Lock maintenance can extend the life and enhance the use of your locks at home, in your car or at your business. For those “hands off” types that hate any kind of maintenance work; don’t worry! Proper lock maintenance is easy to do, affordable to implement and takes little time. Here at Bedford Locksmith Pros, we always advocate getting and using the best lock hardware and part of enjoying long life cycles for your quality locks is learning how to maintain them for maximum use.
Don’t panic; lock maintenance is far different than lock repair. You don’t have to know anything about fixing locks or rekeying them to be able to apply basic maintenance. Of course, you can always hire a local Bedford, TX locksmith to do the maintenance for you but doing it yourself is easy, fast and costs practically nothing. For instance, the act of simply wiping the exterior of your locks with a soft cloth is a large part of this maintenance. See? Isn’t that easy to do?
What good is that?
Surprised? Don’t be. Remember; we didn’t say lock repair. A big part of maintaining your quality locks is keeping them clean and free of debris. By wiping them periodically, you are keeping your locks free of spider webs, dirt, dust, mud and insects. Any of these things can get inside your lock and affect the interior springs and tumblers, thereby making the lock itself less effective.
Don’t I need to use a detergent?
Not really. You are not washing your car and detailing it. You are keeping contaminants out of the inside of your locks. No detergent is needed for that. Harsh detergents can actually damage the insides of your locks so please avoid them when wiping them clean.
But what about lubrication; isn’t that important?
Yes, it sure it! Lubrication is vital to maintaining long life cycles for locks. Contrary to belief, it’s not complicated or time consuming. On average, locks need to be lubricated about once a year. Try to avoid any petroleum based products; you are not trying to clean the lock; only to lubricate it. Use a dry lubricant like graphite or Teflon and squirt it directly into the key hole. Don’t overdo; just lightly apply. Next, take your key and insert it, pull it out and clean it off. Repeat a few times. That’s it; wasn’t that easy? You can also remove the entire lock and lubricate the latch and bolt, but only if you want to; it’s not that necessary.
Another simple check
Here’s another simple check that you can do that is free and takes little time or effort. Close your door and observe the space between the door itself and the frame. Does the space look even from top to bottom? It should; and if it doesn’t, your door may be sagging. Sagging causes stress and wear on your locks and over time, it can damage them. Even a little sagging can affect the performance of your door lock. The suggested average space you are looking for is about an eighth of an inch. Did your door pass its test? Good. If not, call a local handyman or lock professional to make any adjustments needed.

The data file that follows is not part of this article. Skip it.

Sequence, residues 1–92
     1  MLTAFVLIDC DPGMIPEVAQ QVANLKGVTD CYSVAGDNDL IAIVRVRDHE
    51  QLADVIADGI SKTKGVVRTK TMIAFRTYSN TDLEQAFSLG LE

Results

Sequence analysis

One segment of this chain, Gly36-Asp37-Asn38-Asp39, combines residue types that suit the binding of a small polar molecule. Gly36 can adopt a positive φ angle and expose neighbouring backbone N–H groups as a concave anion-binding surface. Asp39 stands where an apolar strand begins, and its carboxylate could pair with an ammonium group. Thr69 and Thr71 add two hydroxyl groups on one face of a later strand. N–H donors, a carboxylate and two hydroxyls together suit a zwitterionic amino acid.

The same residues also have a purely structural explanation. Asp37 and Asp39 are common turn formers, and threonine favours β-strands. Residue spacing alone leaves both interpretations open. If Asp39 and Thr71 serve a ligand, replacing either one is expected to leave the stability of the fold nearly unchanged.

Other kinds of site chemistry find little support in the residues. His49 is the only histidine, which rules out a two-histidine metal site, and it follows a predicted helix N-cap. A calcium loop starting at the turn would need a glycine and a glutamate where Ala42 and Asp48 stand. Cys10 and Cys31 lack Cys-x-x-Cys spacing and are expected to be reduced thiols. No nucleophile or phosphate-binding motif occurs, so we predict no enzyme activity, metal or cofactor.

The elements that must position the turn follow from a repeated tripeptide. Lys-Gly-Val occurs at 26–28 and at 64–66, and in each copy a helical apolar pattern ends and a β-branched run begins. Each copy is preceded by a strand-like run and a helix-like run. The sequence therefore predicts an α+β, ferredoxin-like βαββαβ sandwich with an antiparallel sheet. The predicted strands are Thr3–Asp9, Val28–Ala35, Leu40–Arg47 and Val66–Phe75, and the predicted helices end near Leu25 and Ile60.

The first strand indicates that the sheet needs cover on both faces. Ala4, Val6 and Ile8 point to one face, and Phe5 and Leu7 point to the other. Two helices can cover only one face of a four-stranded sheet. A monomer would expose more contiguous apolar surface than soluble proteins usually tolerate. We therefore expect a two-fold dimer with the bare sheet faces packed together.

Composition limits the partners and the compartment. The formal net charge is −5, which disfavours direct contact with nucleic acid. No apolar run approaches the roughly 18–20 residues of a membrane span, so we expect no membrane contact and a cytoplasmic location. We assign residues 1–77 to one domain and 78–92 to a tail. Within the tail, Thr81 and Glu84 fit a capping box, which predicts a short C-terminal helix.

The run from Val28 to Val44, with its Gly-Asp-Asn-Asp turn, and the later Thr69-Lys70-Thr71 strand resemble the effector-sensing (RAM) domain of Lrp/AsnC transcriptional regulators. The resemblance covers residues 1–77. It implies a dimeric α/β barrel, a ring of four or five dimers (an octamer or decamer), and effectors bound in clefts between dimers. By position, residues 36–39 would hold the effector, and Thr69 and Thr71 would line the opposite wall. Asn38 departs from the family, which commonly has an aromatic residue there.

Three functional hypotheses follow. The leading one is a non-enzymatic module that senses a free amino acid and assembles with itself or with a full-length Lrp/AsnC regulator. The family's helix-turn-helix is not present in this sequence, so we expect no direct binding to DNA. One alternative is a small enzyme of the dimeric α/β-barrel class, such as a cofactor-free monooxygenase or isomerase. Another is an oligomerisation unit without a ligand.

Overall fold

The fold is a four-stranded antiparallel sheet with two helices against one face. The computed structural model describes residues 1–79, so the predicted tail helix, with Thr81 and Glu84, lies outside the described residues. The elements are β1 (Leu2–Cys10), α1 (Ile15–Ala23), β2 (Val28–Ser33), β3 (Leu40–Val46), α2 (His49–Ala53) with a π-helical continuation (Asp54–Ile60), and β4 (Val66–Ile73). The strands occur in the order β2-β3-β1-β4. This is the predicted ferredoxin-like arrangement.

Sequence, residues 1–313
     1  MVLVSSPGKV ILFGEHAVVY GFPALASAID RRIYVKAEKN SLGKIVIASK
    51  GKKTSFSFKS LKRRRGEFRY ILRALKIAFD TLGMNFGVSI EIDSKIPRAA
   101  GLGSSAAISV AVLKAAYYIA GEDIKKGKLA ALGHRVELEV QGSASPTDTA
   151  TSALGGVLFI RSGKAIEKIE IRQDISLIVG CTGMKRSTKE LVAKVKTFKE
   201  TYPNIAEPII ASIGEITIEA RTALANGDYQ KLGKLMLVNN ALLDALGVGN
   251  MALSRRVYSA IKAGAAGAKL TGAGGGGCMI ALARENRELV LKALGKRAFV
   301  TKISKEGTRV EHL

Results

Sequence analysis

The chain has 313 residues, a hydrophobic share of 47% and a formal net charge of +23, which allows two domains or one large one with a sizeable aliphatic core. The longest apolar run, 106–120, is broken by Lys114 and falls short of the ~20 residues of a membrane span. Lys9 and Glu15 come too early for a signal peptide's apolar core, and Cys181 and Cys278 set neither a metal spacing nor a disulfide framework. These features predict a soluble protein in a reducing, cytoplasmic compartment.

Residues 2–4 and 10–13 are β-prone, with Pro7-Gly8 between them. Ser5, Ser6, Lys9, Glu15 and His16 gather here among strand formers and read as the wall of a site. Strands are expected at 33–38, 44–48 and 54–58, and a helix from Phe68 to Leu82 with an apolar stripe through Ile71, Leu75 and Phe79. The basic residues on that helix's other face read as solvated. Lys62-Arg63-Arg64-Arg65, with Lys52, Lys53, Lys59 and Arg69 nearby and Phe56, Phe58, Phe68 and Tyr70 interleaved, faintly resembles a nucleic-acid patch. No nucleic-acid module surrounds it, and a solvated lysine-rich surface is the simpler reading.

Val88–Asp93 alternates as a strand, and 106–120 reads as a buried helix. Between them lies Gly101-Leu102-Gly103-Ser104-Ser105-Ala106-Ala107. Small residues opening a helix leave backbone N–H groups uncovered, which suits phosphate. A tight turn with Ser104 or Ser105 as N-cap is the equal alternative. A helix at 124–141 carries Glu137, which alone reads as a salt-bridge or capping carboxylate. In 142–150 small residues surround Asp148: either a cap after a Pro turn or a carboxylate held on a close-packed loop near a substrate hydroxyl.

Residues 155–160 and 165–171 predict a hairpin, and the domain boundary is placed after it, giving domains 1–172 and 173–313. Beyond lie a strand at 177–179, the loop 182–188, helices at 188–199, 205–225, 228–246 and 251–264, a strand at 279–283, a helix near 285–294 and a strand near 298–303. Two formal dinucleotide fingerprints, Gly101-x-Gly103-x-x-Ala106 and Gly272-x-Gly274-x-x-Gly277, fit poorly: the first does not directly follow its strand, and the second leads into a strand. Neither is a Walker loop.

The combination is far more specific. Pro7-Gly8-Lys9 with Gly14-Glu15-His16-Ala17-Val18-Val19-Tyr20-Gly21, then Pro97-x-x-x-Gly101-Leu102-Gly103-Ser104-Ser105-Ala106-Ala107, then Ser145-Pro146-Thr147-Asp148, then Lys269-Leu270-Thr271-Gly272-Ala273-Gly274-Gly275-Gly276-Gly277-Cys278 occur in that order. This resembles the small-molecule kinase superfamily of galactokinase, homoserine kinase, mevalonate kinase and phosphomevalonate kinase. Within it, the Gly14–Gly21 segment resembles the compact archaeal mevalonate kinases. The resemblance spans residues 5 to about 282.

Quick check for your strike plate
This check is simple and fast. It involves your strike plate. Look for looseness or any damage to it. The deadlatch and the strike plate should align evenly. If they don’t, it could result in lock damage over time. Along the same lines; check your deadbolts lock if you have one. It should lock easily, but firmly, and without having to lift the door a bit to get it locked in place.
A word of warning!
Don’t worry; nothing bad; just try not to use your key as a door knob. This actually happens quite a lot. It’s easy to leave a door key in the lock and use the rounded lock handle to pull the door shut and then turn it to lock. Doing this puts undue stress on the key and the lock. Again, over time, this causes lock damage. While avoiding this action isn’t really maintenance, it does help to keep your hardware in good working order. Another issue with this behavior is that it makes it easy to forget that the key is still in the lock. Too many folks have done this and unknowingly left themselves open to burglars or intruders who came upon a locked door with the key just waiting for them to turn it!
Spare key use and duplication
Spare keys are wonderful, if used correctly. If you are going to have one or more of them made, do the smart thing and use an original key if possible. If your key cutter uses an even slightly damaged key, the spare can weaken your lock to the point that it is much easier to bump open or pick. Your key doesn’t have to look damaged; it can be ever so slightly worn or chipped and still work. Many people use their keys like Boy Scout tools. They open bottles, rip open boxes, slash tape or puncture items with the tip or jagged blade edge. The handy rounded handle is perfect for holding and since keys are always nearby, it makes for a handy and very usable tool. Any spare keys made from these worn ones will loosen and damage your locks over time. Also, worn keys tend to stick in locks and break-off on occasion.
Always a good idea
Periodic lock service and maintenance done by a licensed professional is always a good idea. If you do this, be sure to use a fully certified locksmith that offers this service along with 24-hour emergency help. This is in addition to the above maintenance checks that we outlined. Your locksmith will be able to spot any damage that you might miss. He or she can also make repairs, apply maintenance, and even suggest upgrades by observing your locks condition both inside and out.